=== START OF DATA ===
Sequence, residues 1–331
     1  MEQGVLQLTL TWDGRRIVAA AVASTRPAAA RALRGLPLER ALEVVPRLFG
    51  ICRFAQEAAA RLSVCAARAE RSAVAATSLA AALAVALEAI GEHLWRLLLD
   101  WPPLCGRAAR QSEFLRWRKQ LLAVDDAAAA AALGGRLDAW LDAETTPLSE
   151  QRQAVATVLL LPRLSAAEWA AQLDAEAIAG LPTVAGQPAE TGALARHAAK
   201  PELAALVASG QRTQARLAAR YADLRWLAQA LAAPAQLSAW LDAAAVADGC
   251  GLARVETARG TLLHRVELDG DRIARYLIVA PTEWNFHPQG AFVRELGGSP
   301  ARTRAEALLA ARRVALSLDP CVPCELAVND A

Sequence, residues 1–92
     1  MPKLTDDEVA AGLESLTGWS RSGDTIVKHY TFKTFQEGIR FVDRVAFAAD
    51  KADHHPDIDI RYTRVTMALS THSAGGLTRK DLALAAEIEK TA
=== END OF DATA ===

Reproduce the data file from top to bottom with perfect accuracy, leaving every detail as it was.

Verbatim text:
Sequence, residues 1–331
     1  MEQGVLQLTL TWDGRRIVAA AVASTRPAAA RALRGLPLER ALEVVPRLFG
    51  ICRFAQEAAA RLSVCAARAE RSAVAATSLA AALAVALEAI GEHLWRLLLD
   101  WPPLCGRAAR QSEFLRWRKQ LLAVDDAAAA AALGGRLDAW LDAETTPLSE
   151  QRQAVATVLL LPRLSAAEWA AQLDAEAIAG LPTVAGQPAE TGALARHAAK
   201  PELAALVASG QRTQARLAAR YADLRWLAQA LAAPAQLSAW LDAAAVADGC
   251  GLARVETARG TLLHRVELDG DRIARYLIVA PTEWNFHPQG AFVRELGGSP
   301  ARTRAEALLA ARRVALSLDP CVPCELAVND A

Sequence, residues 1–92
     1  MPKLTDDEVA AGLESLTGWS RSGDTIVKHY TFKTFQEGIR FVDRVAFAAD
    51  KADHHPDIDI RYTRVTMALS THSAGGLTRK DLALAAEIEK TA